id you notice that list of American values on the front cover? Impressive list. Did you find the one you most cherish? There are so many from which to choose. Our citizenry in the United States vary greatly as to what they most cherish on this list. That’s democracy. Each of us is free to pick what’s most important on that list of values. Some level of disagreement and conflict is both inevitable and continuous. These areas of disagreement pop up everywhere. Some are intriguing and even a bit amusing. Have you seen that car bumper sticker that reads: “Take Back America”? If you don’t know which group provides this sticker, you’re inclined to wonder just what it means. Is it religious or political? And take back from whom and to what? About a week ago, I received a letter with a return address of “People For The American Way” (not the exact name). Ordinarily, I wouldn’t bother to open such a letter, but this time I did. I was curious as to which “American Way” they had in mind. I don’t mean to even hint that their claim on the “American Way” or the 26

slogan, “Take Back America,” are wrong. They’re just different and probably argumentative. Values are something we care deeply about. It’s perfectly normal that we’ll defend our point of view. It does make a difference, however, whether we recognize that we share this privilege with millions of others. Normal differences aside, it’s a good time to be thinking about our values as Americans, or perhaps we should say “North Americans” out of respect for our South American neighbors. The United States—in fact the whole world— seems to be undergoing a cosmic values shift. We’re wondering anew who we are, in the fashion of young teenagers. We seem to be questioning what we believe, what we should do about various

In an open society such as ours, it’s tougher to make good decisions if we don’t know what we truly value.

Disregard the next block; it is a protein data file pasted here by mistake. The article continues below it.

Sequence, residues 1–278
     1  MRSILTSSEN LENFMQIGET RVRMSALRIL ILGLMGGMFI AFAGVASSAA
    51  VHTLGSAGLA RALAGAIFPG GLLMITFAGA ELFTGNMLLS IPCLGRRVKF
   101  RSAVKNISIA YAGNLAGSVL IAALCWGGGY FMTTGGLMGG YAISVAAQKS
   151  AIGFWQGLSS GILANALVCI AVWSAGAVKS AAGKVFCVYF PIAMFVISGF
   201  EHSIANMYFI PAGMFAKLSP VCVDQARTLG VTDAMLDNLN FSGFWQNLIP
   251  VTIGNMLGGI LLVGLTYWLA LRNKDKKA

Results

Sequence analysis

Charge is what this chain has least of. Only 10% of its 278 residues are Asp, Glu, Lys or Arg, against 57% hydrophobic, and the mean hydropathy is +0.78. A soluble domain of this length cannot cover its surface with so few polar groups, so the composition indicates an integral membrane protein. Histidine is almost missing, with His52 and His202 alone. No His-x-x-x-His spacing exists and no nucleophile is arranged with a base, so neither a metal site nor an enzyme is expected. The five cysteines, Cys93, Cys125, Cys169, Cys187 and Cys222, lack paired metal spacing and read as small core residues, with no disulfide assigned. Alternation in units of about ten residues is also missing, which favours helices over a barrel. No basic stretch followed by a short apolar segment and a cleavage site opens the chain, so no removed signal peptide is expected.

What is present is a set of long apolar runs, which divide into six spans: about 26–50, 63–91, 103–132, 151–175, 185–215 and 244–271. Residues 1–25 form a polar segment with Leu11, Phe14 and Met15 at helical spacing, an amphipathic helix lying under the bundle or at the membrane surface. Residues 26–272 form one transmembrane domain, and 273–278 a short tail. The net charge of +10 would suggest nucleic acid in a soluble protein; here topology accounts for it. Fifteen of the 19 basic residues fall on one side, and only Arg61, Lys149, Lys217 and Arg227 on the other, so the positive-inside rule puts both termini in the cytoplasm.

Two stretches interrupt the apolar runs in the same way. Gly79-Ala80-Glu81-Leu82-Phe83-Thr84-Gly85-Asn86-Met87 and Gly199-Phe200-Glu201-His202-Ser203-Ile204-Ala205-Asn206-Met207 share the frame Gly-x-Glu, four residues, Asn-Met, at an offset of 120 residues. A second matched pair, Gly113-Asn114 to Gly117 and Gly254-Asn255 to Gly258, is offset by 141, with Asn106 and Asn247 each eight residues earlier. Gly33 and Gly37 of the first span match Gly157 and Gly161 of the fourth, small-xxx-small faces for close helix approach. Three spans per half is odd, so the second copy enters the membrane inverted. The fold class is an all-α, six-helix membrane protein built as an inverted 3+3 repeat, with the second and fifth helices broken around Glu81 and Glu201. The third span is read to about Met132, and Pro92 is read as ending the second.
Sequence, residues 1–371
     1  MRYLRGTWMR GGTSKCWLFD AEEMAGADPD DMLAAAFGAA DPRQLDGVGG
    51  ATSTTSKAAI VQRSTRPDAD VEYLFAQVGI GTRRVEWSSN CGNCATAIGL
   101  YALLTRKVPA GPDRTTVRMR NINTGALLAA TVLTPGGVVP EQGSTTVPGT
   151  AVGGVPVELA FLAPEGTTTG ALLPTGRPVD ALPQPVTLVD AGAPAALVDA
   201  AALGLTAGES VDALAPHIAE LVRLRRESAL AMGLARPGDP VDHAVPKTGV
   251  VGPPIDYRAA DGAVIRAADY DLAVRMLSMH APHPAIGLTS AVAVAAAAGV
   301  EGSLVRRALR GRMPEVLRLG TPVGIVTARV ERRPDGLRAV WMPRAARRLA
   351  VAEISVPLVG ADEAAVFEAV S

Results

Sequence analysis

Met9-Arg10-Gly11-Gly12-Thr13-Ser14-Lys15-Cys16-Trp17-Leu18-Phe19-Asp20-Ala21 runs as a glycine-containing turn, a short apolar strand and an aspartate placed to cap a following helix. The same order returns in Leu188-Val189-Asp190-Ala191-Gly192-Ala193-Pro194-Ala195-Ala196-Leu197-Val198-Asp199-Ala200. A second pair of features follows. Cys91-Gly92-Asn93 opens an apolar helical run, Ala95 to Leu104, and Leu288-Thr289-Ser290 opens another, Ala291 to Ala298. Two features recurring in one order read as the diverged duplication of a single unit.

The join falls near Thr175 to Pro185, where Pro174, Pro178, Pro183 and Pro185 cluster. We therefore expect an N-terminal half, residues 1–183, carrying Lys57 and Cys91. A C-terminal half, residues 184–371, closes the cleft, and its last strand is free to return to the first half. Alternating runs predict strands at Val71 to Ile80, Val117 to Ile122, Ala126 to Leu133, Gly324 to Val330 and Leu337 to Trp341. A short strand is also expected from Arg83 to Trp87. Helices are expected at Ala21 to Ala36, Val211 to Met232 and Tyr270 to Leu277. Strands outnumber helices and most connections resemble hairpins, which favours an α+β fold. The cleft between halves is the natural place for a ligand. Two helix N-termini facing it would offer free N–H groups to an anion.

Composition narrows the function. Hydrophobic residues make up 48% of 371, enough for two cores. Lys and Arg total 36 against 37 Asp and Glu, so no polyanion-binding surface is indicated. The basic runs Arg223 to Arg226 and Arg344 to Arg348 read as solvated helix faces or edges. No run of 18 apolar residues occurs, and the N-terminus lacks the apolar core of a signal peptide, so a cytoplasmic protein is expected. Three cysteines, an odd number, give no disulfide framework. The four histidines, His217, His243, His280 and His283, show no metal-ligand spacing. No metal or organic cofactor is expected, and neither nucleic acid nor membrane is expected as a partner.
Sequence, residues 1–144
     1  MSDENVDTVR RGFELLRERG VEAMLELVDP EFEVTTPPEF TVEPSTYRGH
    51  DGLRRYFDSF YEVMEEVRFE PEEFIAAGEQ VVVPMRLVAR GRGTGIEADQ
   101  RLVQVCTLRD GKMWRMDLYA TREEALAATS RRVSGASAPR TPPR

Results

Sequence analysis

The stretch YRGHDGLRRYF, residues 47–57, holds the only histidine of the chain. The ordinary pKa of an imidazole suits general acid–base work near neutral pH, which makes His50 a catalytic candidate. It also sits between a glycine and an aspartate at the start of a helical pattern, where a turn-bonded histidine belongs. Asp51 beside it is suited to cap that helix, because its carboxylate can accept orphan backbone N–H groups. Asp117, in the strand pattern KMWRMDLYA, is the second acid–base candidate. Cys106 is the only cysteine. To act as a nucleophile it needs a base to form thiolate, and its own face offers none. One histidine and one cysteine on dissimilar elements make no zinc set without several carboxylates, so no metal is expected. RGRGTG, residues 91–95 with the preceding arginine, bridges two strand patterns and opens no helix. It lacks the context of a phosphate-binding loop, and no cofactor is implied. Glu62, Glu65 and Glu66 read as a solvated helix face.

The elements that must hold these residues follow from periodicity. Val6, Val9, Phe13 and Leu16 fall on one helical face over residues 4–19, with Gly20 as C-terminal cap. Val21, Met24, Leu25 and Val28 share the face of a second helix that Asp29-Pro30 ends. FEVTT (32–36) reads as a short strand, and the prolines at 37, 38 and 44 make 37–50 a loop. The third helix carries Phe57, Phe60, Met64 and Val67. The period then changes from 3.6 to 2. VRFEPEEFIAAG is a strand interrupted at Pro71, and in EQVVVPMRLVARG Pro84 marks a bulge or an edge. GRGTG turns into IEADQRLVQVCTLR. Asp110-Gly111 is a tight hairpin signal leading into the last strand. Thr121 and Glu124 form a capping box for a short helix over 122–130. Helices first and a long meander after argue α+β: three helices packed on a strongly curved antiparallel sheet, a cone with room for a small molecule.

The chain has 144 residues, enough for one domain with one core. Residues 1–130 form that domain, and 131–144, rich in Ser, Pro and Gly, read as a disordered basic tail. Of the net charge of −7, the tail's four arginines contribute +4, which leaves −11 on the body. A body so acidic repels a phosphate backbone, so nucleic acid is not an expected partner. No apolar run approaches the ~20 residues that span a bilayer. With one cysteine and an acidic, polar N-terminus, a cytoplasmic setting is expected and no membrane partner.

problems, what we truly value. In an open society such as ours, it’s tougher to make good decisions if we don’t know what we truly value. It’s tougher still to sustain social harmony if we’re unclear about those values. Yes, it’s a very good time to be thinking about our values here in the United States. Perhaps a good place to start is to recollect where we came from. Most of us in the United States immigrated here, or at least our ancestors did. We’ve come from another country, or another culture, usually possessed of deep set values, created for a different time and place. Safe to say many immigrants came to the United States seeking freedom of one sort or another. Some of the earliest came seeking freedom from religious domination. Others came seeking freedom from political persecution. Still others came seeking freedom from economic tyranny or deprivation. Fewer but still a significant number came seeking freedom from artistic suppression. (This last search was poignantly evoked by E. B. White in his 1949 book, Here is New York; he described the city as a magnet

We’ve come from another country, or another culture, usually possessed of deep set values, created for a different time and place. to those with an ache in their heart and a half-finished manuscript in their suitcase.) Ellis Island has become a metaphor for refugees of many stripes, passing through its gates with eyes filled with tears, whether of pain or gratitude. It’s always a good time to reflect on our personal and national heritage, pronounce slowly the names and nations from which so many of us immigrated in search of freedom. It’s a good time as well to point out that those already here, those so-called Native Americans, also valued their freedom and individuality. To a degree seldom mentioned or appreciated, these Native Americans were far less “tribal” and more highly 27